A Playmate is a female model featured in the centerfold/gatefold of Playboy magazine as Playmate of the Month. The PMOM's pictorial includes nude photographs and a centerfold poster, along with a pictorial biography and the "Playmate Data Sheet", which lists her birthdate, turn-ons, turn-offs. At the end of the year, one of the twelve Playmates of the Month is named Playmate of the Year. Playmates of the Month are paid US$25,000 and Playmates of the Year receive an additional US$100,000 plus a car and a motorcycle. In addition, Anniversary Playmates are chosen to celebrate a milestone year of the magazine. Playboy encourages potential Playmates to send photos with "girl next door" appeal for consideration. In addition, "casting calls" are held in major US cities to offer opportunities for women to test for Playboy; the Playboy photographers and Hugh Hefner select which models become Playmates. The Playmate of the Year is chosen by Hugh Hefner, taking into account an annual readers' poll. According to Playboy, there is no such thing as a former Playmate because "Once a Playmate, always a Playmate".
Marilyn Monroe, featured in the first issue, was the only one to appear as "Sweetheart of the Month." The first model called a Playmate of the Month was Margie Harrison, Miss January 1954, in the second issue of Playboy. A woman may appear only once as a Playmate, but in the early years of the magazine, some models were featured multiple times. Marilyn Waltz and Janet Pilgrim are tied for the most appearances. Margie Harrison and Marguerite Empey are the only other women to appear more than once as Playmates. Under current law in most US jurisdictions, publishing nude pictures of a model younger than 18 would be a felony. However, in the early years of the magazine, laws regarding corruption of a minor were less well established. Several playmates – including Nancy Crawford, Donna Michelle, Linda Moon, Patti Reynolds and Teddi Smith – posed when they were seventeen. Elizabeth Ann Roberts – whose pictorial was called "Schoolmate Playmate" – posed when she was sixteen. Hugh Hefner and Roberts' mother were arrested as a result, but the case was subsequently dismissed because Roberts' mother had signed a statement that her daughter was eighteen before the photo shoot.
In 1979 Ursula Buchfellner posed for the German edition of Playboy when she was sixteen and subsequently posed for the American edition when she was eighteen. Dutch Playmate twins Karin and Mirjam van Breeschooten appeared at age seventeen in their country's edition of Playboy in June 1988, at eighteen, they were Misses September 1989 in the US version; some women have become Playmates in their 30s. Dolores Donlon is the oldest Playmate to date, appearing in her shoot at the age of 36. First Playmate: Margie Harrison in the second issue of Playboy. Marilyn Monroe, featured in the first issue, was the only one to appear as "Sweetheart of the Month". First Playmate to be chosen three times: Marilyn Waltz First and only month in Playboy history not have a Playmate – March 1955 First centerfold: Janet Pilgrim First fold-out centerfold: Marian Stafford First foreign-born Playmate: Marion Scott was born in Germany. Youngest Playmate featured: Elizabeth Ann Roberts appeared at age 16. First issue to feature two Playmates: Pat Sheehan and Mara Corday First Playmate to become Playmate of the Year: Ellen Stratton First Asian-American Playmate: China Lee First African-American Playmate: Jennifer Jackson First twin Playmates Mary Collinson and Madeleine Collinson First Playmate to show visible pubic hair: Liv Lindeland First Playmate to pose for a full frontal nude centerfold: Marilyn Cole First Playmate to pose for a full frontal nude centerfold with visible entire pubic hair: Bonnie Large First Hispanic-American Playmate: Ester Cordet was from Panama.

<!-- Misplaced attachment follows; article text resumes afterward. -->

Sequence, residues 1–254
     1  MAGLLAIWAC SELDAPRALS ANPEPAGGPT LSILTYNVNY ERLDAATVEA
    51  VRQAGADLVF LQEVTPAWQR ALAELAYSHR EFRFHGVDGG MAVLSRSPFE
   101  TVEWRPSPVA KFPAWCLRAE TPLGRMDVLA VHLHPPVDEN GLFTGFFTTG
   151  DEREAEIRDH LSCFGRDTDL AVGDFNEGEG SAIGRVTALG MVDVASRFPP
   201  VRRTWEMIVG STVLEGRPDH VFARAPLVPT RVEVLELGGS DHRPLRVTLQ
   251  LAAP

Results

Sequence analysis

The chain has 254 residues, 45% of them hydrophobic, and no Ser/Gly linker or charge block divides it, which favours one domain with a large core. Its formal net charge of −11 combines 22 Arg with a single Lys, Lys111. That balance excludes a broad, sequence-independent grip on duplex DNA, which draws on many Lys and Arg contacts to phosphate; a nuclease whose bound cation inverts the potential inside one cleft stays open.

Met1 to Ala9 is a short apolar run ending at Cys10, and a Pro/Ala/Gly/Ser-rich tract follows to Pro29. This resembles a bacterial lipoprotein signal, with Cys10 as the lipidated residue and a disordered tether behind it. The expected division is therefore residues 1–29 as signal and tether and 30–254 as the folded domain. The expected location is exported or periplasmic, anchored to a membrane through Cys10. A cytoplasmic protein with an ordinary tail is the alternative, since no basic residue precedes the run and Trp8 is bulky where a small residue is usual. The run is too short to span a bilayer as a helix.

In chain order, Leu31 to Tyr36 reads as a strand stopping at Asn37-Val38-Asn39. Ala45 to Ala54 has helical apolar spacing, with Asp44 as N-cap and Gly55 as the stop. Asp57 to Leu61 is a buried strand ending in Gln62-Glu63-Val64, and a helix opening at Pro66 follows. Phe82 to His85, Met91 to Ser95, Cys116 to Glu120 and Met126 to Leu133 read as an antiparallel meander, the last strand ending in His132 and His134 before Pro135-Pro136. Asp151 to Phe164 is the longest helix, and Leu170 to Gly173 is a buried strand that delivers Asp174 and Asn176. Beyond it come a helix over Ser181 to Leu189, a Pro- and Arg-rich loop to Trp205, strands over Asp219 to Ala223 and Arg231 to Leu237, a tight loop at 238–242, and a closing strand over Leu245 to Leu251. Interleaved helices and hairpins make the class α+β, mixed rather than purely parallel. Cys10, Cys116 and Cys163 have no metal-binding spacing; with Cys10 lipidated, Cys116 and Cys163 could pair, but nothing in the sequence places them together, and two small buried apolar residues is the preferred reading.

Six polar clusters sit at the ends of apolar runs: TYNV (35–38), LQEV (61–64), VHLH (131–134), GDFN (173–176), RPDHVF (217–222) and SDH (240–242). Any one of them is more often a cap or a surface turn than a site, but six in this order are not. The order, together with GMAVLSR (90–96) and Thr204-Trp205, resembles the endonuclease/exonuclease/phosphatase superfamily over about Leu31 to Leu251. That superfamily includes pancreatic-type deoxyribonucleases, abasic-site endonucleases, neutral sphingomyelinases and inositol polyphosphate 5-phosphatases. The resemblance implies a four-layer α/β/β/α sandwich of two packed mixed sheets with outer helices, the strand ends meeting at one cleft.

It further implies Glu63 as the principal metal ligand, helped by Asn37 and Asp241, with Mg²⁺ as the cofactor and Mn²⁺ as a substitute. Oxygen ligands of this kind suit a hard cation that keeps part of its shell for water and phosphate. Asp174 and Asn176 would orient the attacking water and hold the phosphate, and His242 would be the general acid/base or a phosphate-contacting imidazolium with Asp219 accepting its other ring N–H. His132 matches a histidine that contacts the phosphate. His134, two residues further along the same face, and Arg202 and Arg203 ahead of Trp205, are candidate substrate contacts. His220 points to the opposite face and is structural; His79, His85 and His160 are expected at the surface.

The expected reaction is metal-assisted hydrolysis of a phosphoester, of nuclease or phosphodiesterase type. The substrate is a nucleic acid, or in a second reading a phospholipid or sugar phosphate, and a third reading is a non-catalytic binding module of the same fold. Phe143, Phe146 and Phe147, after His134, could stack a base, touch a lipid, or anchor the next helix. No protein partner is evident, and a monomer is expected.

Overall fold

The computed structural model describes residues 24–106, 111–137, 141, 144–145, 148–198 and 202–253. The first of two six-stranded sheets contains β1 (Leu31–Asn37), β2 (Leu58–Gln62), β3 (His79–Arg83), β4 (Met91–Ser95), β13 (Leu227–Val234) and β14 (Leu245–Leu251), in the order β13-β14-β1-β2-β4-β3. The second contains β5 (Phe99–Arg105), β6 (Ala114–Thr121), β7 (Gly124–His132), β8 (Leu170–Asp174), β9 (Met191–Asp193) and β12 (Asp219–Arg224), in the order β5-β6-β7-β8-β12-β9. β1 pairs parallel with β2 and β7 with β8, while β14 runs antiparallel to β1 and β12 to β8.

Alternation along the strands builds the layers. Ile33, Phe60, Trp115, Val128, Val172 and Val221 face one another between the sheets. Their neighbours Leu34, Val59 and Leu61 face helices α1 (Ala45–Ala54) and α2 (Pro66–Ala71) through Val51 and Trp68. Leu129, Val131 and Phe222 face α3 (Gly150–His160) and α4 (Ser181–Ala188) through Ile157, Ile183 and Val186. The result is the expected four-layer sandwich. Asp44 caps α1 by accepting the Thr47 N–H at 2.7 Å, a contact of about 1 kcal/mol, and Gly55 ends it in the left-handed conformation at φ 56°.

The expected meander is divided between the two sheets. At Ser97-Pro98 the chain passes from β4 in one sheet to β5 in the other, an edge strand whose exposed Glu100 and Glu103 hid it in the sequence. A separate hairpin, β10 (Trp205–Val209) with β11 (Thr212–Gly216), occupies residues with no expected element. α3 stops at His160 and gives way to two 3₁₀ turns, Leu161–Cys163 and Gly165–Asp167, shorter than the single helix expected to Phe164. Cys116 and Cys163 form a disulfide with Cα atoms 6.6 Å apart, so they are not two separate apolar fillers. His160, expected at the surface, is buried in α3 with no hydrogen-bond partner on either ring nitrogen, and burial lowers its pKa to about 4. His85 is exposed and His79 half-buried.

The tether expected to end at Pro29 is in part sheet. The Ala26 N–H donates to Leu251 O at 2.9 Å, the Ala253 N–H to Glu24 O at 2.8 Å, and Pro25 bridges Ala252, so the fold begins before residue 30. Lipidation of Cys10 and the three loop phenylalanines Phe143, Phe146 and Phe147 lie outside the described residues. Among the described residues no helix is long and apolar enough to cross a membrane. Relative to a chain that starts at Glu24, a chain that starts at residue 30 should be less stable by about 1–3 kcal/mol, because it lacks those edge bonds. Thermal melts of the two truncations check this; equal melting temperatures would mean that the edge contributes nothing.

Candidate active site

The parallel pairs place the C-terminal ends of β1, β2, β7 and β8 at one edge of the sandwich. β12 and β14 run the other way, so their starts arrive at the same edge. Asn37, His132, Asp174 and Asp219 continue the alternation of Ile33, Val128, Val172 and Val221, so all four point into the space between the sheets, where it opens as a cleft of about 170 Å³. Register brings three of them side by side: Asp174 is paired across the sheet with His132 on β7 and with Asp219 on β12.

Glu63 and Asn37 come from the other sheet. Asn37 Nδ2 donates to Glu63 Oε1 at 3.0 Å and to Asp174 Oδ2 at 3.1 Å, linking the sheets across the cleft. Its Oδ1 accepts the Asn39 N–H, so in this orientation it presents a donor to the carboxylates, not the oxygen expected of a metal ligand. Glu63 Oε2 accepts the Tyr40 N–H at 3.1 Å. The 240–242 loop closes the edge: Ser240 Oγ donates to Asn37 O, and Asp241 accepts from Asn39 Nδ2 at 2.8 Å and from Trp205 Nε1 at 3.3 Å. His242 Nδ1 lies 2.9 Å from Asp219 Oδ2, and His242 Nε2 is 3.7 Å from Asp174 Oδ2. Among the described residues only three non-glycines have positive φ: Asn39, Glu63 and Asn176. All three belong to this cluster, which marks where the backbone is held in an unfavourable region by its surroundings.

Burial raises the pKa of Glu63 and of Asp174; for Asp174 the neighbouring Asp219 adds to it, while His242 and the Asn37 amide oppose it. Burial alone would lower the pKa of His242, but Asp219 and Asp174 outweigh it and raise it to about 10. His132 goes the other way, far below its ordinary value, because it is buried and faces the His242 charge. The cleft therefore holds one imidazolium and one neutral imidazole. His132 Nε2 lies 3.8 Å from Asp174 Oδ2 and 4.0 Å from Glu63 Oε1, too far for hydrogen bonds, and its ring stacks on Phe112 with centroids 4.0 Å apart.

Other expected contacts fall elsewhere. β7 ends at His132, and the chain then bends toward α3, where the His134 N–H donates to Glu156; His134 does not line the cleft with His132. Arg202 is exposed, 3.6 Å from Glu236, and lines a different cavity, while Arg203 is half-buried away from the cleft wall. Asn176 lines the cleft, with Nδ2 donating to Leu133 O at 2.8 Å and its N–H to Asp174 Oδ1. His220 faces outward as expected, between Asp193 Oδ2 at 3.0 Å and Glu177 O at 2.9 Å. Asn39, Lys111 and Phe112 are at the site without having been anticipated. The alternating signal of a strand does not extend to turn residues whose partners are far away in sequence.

First cousins to be Playmates: Elaine Morton and Karen Elaine Morton First video Playmate: Lonny Chin was the magazine centerfold in the January 1983 issue. First mother and daughter to be Playmates: Carol Eden and her daughter Simone Eden First triplets to be Playmates: Erica and Jaclyn Dahm First Mexican-American Playmate of the Year: Raquel Pomplun First transgender Playmate: Ines Rau In the early days of Playboy, there was no official prize for the most popular Playmate at the end of each year. Although February 1954 Playmate Marilyn Waltz gained much popularity, receiving more fan mail than any other Playmate that year, she was not crowned PMOY. Neither was December 1956 Playmate Lisa Winters, named Playmate of the Year, although Joyce Nizzari, Miss December 1958, was named the "most popular" Playmate of 1958, the PMOY competition was first won in 1960 by Miss December 1959, Ellen Stratton; the 2009 PMOY